Steaky Fingers 

We roll up our sleeves to sample some of Boise's famous finger steaks

Finger steaks are a point of Idaho pride. Like some of the world's most delicious foods, it's a scrappy way to make the most of what you've got. Steak strips, generally from a versatile cut like the sirloin, are battered then deep fried. What emerges is a tender, crunchy, juicy handheld snack primed for dunking in sauce—generally cocktail with enough horseradish to singe your nose hairs. Perhaps even more than its Southern cousin, the chicken-fried steak, the finger steak has shrugged off all pretense associated with the word "steak" in order to make its home in plastic baskets at some of the state's dingiest dives.

Widely credited as the father of the finger steak, Milo Bybee is purported to have invented the delicacy at his Torch Lounge in the mid-1950s. But ever since the joint stripped down to a boobie bar, finger steak enthusiasts across the Treasure Valley have been seeking someone to carry on the torch, so to speak. Cook-offs have even been held, in which locals competed to make the most authentically Torch-y finger steaks.

So it's no surprise that when Boise Weekly published a Facebook post asking where to find the best finger steaks in town, we received an outpouring of enthusiastic comments (215 of them)—more than a few of mentioning The Torch. We compiled a graphic of those responses on Page 46, then went out and did some hard-hitting snacking. Here are some vital stats and subjective rankings on this highly varied, quintessentially Idaho fried food.

  • Jennelle Brunner

Restaurant: Lindy's Steak House, 12249 W. Chinden Blvd., 208-375-1310

Steak Type: Culotte, top cap of the sirloin

Batter: Flour batter mixed with garlic and pepper; double breaded

Fry method: Deep-fried under pressure

Sauce: Cocktail with medium horseradish heat and chili

Background: For the past 18 years, Lindy's owner Tom Criner has gotten to work at 4 a.m. to hand cut the beef for his Chinden Boulevard steakhouse. Criner's son, Lance, said one of the secrets to Lindy's perfectly crunchy, awesomely tender, still-pink-on-the-inside finger steaks is a method called deep-frying under pressure, or broasting.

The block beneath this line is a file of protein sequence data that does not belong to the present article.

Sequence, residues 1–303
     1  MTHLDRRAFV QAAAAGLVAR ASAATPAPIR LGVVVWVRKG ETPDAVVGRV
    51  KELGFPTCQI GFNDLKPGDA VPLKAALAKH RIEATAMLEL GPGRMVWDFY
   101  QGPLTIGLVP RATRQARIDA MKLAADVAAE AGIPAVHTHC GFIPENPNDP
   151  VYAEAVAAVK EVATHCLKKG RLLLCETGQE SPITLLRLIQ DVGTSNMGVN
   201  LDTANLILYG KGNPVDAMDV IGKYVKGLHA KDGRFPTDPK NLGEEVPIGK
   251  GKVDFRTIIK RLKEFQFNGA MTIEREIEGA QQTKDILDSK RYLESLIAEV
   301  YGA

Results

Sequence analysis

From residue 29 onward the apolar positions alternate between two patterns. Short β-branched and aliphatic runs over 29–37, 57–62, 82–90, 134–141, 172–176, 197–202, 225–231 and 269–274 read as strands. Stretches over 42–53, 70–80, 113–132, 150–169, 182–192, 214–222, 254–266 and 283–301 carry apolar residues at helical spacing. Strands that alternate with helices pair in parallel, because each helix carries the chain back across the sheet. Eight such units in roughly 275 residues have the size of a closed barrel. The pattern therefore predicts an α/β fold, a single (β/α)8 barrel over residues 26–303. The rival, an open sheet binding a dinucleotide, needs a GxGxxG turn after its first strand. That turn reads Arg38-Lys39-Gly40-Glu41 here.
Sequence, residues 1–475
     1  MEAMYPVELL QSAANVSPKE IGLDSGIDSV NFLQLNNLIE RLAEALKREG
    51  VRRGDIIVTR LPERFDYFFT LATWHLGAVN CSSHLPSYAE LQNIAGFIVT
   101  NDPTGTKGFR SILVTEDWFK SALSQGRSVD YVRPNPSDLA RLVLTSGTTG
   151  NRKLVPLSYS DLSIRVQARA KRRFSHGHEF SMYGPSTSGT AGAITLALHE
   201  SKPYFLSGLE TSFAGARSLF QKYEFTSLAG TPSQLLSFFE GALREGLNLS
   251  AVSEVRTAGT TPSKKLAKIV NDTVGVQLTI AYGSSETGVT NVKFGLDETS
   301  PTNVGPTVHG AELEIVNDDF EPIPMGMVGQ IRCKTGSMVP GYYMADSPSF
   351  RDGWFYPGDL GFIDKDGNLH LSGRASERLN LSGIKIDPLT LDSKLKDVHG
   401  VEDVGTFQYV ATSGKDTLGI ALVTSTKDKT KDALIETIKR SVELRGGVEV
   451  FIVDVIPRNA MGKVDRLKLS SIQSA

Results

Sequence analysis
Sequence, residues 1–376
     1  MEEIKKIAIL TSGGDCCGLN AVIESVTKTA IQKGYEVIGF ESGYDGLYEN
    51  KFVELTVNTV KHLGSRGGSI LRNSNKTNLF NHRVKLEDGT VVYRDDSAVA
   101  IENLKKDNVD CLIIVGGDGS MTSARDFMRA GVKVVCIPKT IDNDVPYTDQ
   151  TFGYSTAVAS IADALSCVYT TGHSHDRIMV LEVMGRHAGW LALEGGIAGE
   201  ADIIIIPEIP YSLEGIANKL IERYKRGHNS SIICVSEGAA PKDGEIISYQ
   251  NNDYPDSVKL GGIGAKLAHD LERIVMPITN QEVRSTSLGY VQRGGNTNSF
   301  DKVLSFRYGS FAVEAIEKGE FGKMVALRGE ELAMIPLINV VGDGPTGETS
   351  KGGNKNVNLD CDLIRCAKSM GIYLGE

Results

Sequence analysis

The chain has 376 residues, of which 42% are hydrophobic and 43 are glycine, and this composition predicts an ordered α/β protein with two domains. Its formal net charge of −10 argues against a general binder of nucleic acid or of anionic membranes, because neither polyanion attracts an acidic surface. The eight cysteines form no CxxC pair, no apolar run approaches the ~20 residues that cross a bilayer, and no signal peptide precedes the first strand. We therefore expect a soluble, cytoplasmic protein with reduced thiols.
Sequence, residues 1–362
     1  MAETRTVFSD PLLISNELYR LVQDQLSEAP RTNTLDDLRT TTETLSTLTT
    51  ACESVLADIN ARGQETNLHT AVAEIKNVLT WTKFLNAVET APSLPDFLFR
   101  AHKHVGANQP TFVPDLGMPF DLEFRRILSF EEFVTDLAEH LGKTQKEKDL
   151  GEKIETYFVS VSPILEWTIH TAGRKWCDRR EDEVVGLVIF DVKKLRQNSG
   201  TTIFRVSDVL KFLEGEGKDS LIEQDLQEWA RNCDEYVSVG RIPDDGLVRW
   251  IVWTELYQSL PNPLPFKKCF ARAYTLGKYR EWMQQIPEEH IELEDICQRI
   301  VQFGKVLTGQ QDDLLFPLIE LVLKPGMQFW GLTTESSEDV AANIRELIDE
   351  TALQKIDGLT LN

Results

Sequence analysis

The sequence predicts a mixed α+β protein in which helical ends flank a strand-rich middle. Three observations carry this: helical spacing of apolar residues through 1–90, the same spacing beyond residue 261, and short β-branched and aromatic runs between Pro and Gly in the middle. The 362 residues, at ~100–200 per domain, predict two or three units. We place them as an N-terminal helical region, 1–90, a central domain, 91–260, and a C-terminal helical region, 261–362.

"It's a fryer, sort of, and they add pressure to it by closing a lid and screwing it down tight," Lance said. "Not only does it help with the crispiness, but it also helps with the non-absorption of oil into the product. So they're not as greasy as fries."

Lindy's serves its finger steaks with a classic cocktail sauce, which has a nice horseradish bite but isn't overwhelming.

"I've even seen people put honey mustard or A1 on it, but normally they're served with cocktail sauce," said Lance.

According to Lance, his father "basically patterned" his finger steaks after The Torch's famous recipe.

"That's what we're famous for is our finger steaks, it's the No. 1 selling item on the menu," he said. "When we hand cut them, we put them through a tenderizing process so they're real tender—you can almost cut them with a fork."

Tasting notes: The crisp, fried chicken-esque batter has a nicely seasoned garlic kick to it. The steak is perfectly tender and cooked to a still-bloody, pinkish medium. These are, by far, the best finger steaks we sampled.

Reader Ranking: 1

BW Ranking: 1

Restaurant: Crescent "No Lawyers" Bar and Grill, 5500 W. Franklin Road, 208-322-9856

Steak Type: Shoulder tender, or mock tender

Batter: Wet tempura batter

Fry Method: Deep fryer

Sauce: Spicy, housemade cocktail sauce

Background: With a life-sized courtroom mural and legal-themed dishes—like "Lawyer fries," a.k.a. Rocky Mountain oysters—this eclectic sports bar attracts regulars and happy hour hounds in equal measure. Though Crescent's finger steaks have a number of finger buddies—pork fingers, calamari fingers, portobello fingers, chicken fingers, zucchini fingers—the juicy, still-pink-inside steak is where it's at.

"We hand cut them to about an ounce-or-so-size pieces and then we've got a wet tempura batter that we batter 'em in and fry 'em up," said cook Nick Romans. "There's seasons and stuff in there, but that's a secret."

Though the Crescent serves its finger steaks with the classic horseradish-and-ketchup cocktail sauce, they also stand up nicely to a plunge in fry sauce.

"They're real popular. In a typical night, [we sell] 20 or so [orders] on average. They are fresh and cooked to order and we hand cut them, so not frozen or anything like that," added Romans.

Tasting Notes: Fried to a deep, golden brown, these fish-and-chippy finger steaks have a great crunch and retain a lovely pinkness on the inside. The tempura batter could use a bit more seasoning to make it sing.

Reader Ranking: 4

BW Ranking: 2

Pin It

Speaking of Annual Manual, Finger Steaks


Comments are closed.


Latest in Annual Manual: Food

Larry King Interviews…

© 2016 Boise Weekly

Website powered by Foundation